In a David Cronenberg interview posted on 2.23, The Dissolve‘s Calum Marsh mentioned a quote from Mubi critic Miriam Bale: “Bruce Wagner wrote Maps to the Stars as a broad comedy, but it isn’t directed that way.”

Cronenberg’s response: “It’s almost true. There are elements that are broad comedy, but I can quote [Maps star] Julianne Moore, in fact, who said she thought Bruce’s extreme hyper-emotionality and humor and my cool, neutral observational direction made a really good combination. And I think that’s sort of a more detailed version of what this critic was saying.

“If you had a director who really went with that other stuff, you would get a very over-the-top, exaggerated, and, to me, maybe a false movie instead of what it is — which is still funny. But the humor comes from within the characters, from the observation of the absurdity of the human condition, rather than a sort of self-parodying thing, or something that you could’ve done with it. And I think that’s correct.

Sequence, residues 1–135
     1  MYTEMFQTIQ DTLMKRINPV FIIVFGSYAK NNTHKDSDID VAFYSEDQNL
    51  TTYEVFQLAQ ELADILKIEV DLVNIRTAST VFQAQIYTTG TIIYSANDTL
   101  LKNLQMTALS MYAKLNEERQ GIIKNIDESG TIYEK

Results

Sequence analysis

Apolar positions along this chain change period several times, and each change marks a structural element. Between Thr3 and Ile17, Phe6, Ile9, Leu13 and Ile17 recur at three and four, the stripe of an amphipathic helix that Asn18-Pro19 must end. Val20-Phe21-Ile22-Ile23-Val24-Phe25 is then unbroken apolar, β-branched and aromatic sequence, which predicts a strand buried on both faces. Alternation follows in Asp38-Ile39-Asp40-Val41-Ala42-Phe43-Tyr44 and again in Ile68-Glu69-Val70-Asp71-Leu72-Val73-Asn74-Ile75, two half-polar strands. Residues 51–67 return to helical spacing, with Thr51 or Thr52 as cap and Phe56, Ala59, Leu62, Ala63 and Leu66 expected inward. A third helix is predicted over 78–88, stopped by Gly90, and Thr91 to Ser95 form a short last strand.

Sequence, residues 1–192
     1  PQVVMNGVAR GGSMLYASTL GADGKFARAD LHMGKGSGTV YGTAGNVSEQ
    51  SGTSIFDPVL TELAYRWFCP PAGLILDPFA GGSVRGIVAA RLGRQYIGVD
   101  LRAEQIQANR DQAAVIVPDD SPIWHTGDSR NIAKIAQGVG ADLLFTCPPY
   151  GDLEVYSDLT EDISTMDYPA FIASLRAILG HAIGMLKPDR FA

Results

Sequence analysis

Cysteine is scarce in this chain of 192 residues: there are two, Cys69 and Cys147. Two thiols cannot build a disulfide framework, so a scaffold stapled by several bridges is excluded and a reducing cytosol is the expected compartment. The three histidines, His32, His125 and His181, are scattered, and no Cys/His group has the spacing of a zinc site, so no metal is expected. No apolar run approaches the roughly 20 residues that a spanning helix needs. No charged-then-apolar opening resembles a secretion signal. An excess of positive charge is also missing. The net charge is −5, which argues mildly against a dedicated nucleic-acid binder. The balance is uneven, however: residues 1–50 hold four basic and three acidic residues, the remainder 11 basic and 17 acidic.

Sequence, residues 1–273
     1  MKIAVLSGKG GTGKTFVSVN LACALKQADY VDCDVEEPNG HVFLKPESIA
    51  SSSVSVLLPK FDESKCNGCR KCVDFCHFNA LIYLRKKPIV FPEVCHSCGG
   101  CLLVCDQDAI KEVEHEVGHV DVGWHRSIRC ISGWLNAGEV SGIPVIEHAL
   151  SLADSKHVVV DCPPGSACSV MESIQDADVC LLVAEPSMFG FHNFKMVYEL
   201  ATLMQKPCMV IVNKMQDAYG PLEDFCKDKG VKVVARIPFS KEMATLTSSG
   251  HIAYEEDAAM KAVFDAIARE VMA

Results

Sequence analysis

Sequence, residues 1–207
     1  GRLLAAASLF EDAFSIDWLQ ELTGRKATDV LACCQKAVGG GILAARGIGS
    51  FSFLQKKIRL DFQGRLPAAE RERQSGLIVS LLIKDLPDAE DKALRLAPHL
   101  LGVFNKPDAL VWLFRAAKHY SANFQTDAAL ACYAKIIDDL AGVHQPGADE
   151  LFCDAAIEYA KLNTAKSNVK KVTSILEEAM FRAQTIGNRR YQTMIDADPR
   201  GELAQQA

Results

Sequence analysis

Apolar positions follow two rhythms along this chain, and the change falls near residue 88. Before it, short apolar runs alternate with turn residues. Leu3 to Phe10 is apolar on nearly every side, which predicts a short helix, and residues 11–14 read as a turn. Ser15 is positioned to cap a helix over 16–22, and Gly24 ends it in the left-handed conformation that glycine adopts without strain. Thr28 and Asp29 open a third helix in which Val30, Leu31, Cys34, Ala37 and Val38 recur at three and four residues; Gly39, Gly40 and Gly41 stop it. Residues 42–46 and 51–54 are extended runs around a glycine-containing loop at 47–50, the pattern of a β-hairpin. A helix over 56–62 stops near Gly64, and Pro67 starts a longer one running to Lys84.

“I remember Truffaut saying all those many years ago, as a director, you would direct against the script. And then, when you’re editing, you edit against the directing…you know? And it’s really trying to find a balance. It’s a tricky thing. You don’t just go with one tone and do that at every part of the process, you have to have balances and checks and so on to come to something interesting.”

Which is precisely why I said the following in my initial Maps to the Stars review (5.18.14) out of Cannes: “I went in expecting a smart-ass spoof, but Maps is much darker and more visionary and at the same time much more sincere in an unforced, even-handed way.

This is how you do a lethal comic satire, by having the cast perform and behave like they’re not kidding or winking in the slightest, like they really mean it…seriously. Maps really cuts to the rancid bone of Hollywood fuckwad culture in a mad-brushstroke way. I think…no, I know it’s Cronenberg’s best since A History of Violence or Spider, and before that Crash, Dead Ringers and The Dead Zone.”